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Luis M Ruiz

Vectorworks, Inc Employee
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Posts posted by Luis M Ruiz

  1. @John Erren Hi John. Creating renderings is always a balance between viewport size, sheet resolution and settings. For example, if you have a sheet 36"x24", 300dpi and viewport at best quality, including displacement mapping, it'll take a long, long time to process.


    If you are just in the process of previewing your renderings, trade size and quality for speed. Perhaps reducing those renderings to 17"x11"  at 72dpi and make use of Custom Renderworks, most of them at low quality including 1 reflection.


    Once you are super happy with the quality, go high on Custom Renderworks and increase your sheet res to 300dpi. Some settings are different in case of interiors. Post a pict of what you are trying to create and I may have a similar file you can take a look at in terms of settings.

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  2. I tested the output and for this single sheet with all those views at 300dpi res. PDF jumped to 6mb, 18mb if increased at 600dpi. 

    Then again, That same high res pdf got exported again as a jpg for the client to see and it went down to 4.2mb and the quality was excellent (but included no vector lines)

    I think it is always a balance of the final intent vs quality vs size.

    • Like 1
  3. @Charlie Winter Thank you for sharing the file. I did some tests and I found a few things that can help the rendering:


    • Sheet resolution was set to default 72dpi. Ok for preview but for finals go up to 300dpi min. That takes away the graininess and makes the carpet and walls look sharper.
    • There was no light source (sun object for example) always create one even if this one is off.
    • That light source can be set to smooth       shadows or sharp depending on the effect you are going after.
    • I think for the look you were going after there was no need for hdri background
    • Increase the resolution of some of those light settings,
    • Once you are done with previewing the viewport, uncheck full screen, that'll make the rendering go faster.
    • For quick testing of textures, try artistic cartoon other than OpenGL
    • Add some ambient occlusion, helps to create some volume.


    I hope these tips may help.


    rendering at 600dpi.jpg

    Screen Shot 2019-03-18 at 10.31.55 AM.png

    Screen Shot 2019-03-18 at 10.31.46 AM.png

  4. Well.......When all is needed is to fly around and through models for presentation purposes, then my small bucket is cool enough.  If it's production at someone else's office then my middle companion does the job well. My big friend over here is my goto device for serious production, especially on any Friday before 5:00 pm.  🙂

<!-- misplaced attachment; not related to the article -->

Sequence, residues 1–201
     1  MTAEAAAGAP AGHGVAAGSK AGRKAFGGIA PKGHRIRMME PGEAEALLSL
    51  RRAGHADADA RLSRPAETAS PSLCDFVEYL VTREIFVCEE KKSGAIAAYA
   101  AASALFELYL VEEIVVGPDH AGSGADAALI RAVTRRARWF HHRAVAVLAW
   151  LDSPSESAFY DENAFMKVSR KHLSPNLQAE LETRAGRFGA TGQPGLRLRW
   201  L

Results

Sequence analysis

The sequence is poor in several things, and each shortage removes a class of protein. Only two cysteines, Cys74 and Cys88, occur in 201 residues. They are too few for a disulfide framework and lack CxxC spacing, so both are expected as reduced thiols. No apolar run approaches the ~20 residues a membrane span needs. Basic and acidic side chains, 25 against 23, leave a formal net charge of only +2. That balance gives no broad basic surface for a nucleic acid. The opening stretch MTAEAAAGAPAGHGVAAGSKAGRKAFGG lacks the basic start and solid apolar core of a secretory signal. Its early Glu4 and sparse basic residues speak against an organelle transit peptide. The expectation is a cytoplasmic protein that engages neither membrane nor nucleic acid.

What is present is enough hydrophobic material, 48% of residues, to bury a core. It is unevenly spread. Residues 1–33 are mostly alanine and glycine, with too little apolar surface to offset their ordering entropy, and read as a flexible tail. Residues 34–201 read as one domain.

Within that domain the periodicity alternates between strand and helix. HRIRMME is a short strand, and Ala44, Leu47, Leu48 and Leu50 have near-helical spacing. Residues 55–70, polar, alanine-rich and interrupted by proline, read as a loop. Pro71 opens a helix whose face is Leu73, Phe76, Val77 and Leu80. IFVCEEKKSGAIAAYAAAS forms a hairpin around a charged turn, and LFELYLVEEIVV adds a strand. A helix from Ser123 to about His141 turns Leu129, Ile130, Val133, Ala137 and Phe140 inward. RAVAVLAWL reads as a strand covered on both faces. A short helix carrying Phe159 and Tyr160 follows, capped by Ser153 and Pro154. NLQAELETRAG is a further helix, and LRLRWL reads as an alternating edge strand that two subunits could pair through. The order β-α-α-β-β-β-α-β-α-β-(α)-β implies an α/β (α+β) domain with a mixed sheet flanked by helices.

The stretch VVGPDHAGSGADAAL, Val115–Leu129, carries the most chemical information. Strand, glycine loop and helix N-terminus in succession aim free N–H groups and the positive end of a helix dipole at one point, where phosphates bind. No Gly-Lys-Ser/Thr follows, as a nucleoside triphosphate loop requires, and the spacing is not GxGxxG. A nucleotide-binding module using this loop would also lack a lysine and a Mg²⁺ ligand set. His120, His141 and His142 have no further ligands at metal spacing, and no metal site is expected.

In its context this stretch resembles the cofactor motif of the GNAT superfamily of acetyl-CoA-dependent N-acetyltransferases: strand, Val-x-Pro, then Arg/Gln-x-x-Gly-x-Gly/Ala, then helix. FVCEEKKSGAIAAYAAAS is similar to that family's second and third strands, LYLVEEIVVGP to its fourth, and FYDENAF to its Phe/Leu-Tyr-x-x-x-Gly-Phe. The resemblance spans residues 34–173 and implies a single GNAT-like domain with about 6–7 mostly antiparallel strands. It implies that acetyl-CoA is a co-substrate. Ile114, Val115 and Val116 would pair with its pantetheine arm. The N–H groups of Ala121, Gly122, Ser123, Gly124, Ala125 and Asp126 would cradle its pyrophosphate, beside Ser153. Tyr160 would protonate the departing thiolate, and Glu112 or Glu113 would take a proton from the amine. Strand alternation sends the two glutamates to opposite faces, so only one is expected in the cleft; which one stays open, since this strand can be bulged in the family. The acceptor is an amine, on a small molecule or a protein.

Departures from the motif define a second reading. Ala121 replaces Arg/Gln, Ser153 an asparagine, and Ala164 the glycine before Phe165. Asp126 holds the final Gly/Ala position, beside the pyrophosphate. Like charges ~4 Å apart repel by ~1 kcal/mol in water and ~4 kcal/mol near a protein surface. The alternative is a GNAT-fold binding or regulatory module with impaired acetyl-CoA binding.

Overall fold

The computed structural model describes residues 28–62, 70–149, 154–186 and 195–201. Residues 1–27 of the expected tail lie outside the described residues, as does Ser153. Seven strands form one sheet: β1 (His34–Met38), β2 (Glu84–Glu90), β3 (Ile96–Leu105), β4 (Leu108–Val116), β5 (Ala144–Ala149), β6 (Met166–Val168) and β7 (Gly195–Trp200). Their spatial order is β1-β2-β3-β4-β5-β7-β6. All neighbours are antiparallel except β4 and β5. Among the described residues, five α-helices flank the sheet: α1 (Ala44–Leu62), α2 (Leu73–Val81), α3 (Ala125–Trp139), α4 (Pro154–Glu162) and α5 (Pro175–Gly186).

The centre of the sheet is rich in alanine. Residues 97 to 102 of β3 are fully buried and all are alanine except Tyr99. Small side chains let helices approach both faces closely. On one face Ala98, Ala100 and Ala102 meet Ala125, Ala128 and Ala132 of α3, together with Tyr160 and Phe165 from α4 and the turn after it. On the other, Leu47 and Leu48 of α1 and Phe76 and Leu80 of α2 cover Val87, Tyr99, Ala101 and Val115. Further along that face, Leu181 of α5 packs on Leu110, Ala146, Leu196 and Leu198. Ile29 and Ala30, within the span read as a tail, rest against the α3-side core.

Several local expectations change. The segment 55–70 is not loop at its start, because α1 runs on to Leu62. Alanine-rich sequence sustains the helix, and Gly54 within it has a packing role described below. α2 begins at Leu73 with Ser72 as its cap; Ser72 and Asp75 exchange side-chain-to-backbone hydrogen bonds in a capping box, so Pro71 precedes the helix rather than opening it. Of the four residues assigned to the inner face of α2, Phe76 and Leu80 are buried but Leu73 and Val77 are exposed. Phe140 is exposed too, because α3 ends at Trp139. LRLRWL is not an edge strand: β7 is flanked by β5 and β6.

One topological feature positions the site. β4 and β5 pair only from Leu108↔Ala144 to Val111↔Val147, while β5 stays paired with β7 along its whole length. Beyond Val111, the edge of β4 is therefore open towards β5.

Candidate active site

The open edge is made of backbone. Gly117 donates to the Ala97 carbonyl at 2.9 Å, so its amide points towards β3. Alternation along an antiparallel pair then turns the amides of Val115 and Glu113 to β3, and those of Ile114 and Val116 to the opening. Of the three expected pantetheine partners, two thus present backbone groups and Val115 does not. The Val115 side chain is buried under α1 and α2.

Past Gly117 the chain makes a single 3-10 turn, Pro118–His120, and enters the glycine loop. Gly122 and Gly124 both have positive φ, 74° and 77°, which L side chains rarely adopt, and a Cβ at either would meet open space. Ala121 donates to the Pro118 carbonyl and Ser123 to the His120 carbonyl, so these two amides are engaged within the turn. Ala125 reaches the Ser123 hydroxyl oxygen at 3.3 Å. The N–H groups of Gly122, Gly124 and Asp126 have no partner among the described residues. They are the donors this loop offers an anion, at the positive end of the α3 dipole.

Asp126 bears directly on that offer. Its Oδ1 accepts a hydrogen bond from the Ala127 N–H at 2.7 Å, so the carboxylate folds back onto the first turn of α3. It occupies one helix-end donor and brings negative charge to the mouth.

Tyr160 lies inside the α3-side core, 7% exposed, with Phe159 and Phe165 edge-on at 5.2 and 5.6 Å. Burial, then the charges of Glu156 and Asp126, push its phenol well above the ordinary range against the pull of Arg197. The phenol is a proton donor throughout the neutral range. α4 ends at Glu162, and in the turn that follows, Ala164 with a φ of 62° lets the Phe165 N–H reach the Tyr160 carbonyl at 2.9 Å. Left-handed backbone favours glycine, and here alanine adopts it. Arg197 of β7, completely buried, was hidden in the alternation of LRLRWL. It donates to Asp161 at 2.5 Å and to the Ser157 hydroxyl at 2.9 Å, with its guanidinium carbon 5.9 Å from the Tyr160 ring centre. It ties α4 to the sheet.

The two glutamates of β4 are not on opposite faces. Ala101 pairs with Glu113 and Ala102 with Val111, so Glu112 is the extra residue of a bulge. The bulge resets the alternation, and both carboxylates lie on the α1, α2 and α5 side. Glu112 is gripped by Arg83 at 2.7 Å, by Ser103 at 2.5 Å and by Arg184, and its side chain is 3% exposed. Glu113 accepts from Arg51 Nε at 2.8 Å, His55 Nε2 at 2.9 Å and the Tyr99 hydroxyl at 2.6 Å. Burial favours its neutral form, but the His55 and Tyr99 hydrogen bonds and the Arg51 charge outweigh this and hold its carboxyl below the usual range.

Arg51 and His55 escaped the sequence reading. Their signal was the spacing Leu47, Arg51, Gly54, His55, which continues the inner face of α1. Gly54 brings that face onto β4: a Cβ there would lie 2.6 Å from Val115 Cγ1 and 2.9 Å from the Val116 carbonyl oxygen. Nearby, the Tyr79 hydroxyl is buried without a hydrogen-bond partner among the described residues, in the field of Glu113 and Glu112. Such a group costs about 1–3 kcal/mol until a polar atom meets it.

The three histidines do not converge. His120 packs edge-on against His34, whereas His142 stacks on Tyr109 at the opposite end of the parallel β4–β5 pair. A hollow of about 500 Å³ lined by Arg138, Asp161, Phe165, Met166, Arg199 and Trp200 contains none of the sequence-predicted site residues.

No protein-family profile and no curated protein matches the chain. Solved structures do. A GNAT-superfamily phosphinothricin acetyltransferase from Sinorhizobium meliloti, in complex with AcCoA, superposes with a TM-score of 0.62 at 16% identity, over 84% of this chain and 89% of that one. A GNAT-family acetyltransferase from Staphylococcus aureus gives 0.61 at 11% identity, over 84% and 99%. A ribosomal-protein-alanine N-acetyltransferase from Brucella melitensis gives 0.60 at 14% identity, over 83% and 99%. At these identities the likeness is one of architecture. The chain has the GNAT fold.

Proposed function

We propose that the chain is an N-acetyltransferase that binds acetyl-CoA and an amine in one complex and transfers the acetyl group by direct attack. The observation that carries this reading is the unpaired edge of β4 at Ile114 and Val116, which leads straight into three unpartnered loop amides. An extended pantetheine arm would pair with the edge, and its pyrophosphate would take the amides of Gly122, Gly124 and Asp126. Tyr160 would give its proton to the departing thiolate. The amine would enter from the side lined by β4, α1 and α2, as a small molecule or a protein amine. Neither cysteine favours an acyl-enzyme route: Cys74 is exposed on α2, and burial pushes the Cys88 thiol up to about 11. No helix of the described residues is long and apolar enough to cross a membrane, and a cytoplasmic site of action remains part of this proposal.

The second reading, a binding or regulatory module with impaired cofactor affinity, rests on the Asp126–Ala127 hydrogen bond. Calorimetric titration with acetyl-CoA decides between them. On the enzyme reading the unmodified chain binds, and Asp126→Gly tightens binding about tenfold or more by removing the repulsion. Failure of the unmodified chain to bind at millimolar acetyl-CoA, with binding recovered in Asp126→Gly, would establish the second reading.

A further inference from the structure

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  5. @Mattsaxon

    Since you mentioned you had v2017, here is my troubleshooting first recommendation.


    Plan A-

    Download the latest 3dconnexion driver.

    Migrate your custom workspace

    Edit custom workspace, now, since you skipped two versions, plenty of new tools and menus are missing from your 2017 workspace.


    Plan B - Start a new custom workspace from scratch but pay attention to those shortcuts that you are used to.


    For me jumping from 2018 to 2019 was all about adjusting my workspace, from 2017 to 2018, I created a new and fresh custom workspace, typically for me is a copy of Architect.


    Is it tedious? Well, I find it to be not an immediate task, but it is something I take care of only once a year. Is it worth it? totally.

    • Like 1
  6. After migrating my super workspace and update it with all the cool new features in v2019, my 3d enterprise works as usual. Although, I assigned new macros to some of those buttons, for example, activate clip cube seems to be one of my new favorites.

  7. @Zeno Here is a sample model that worked well with the box approach. The illumination is generated from real light sources. The materials are very simple, wood from our library, a bit of blur, reflection, glass, carpet and white texture for the ceiling. And as you can see, no weird spots.

    If you save your settings as a render style you could reuse it when creating a panorama for example.


    see link:   https://test.vcs.vectorworks.net/links/11e8a20bc32623609be50efe23c56710/


    expensive closet.jpg

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  8. @Zeno Correct, literally inside of a box, a cube. But here is the approach, for interior renderings that only make use of real lights inside the model this works, as Jim Wilson said in one of his workshops, prevents the bounces of light from traveling infinitely. Think about this method like building a fake store inside of a black warehouse.

    But you are right, in case of needing a heliodon object, then no use.

  9. @Zeno Here is a little trick I found from several files users sent. For interior renderings and interior elevations models, instead of just leaving the 3d model seating empty on a surface, how about placing it inside a box?  this will contain all bounces of lights.

    Finally, once you get the viewports ready, crop them as needed and adjust the contrast and brightness using image effects. 

    Here is an interior rendering for a virtual model, I used to have plenty of those spots and after testing this new technique, seems like light can be controlled better.


    Tell us later if this suggestion makes any difference for you.


    interior 1.jpg

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